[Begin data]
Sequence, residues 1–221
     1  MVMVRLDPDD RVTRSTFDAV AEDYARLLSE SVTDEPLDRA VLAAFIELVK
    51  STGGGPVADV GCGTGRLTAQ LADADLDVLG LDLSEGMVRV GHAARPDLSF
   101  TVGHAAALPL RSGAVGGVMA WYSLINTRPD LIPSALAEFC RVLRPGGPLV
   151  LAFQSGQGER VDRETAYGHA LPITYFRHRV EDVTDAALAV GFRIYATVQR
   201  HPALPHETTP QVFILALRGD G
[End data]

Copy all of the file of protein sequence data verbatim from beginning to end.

Sequence, residues 1–221
     1  MVMVRLDPDD RVTRSTFDAV AEDYARLLSE SVTDEPLDRA VLAAFIELVK
    51  STGGGPVADV GCGTGRLTAQ LADADLDVLG LDLSEGMVRV GHAARPDLSF
   101  TVGHAAALPL RSGAVGGVMA WYSLINTRPD LIPSALAEFC RVLRPGGPLV
   151  LAFQSGQGER VDRETAYGHA LPITYFRHRV EDVTDAALAV GFRIYATVQR
   201  HPALPHETTP QVFILALRGD G